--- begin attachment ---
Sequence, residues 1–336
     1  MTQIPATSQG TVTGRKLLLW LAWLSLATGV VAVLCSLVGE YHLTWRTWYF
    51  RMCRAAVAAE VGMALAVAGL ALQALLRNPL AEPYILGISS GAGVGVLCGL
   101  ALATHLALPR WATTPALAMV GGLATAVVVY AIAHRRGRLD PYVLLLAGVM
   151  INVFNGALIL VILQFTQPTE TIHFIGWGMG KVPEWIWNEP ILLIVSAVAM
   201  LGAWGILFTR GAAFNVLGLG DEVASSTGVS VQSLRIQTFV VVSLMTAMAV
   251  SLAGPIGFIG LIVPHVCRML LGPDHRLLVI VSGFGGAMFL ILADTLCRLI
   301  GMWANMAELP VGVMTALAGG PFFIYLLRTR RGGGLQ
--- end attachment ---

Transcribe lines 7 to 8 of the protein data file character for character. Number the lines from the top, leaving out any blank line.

   251  SLAGPIGFIG LIVPHVCRML LGPDHRLLVI VSGFGGAMFL ILADTLCRLI
   301  GMWANMAELP VGVMTALAGG PFFIYLLRTR RGGGLQ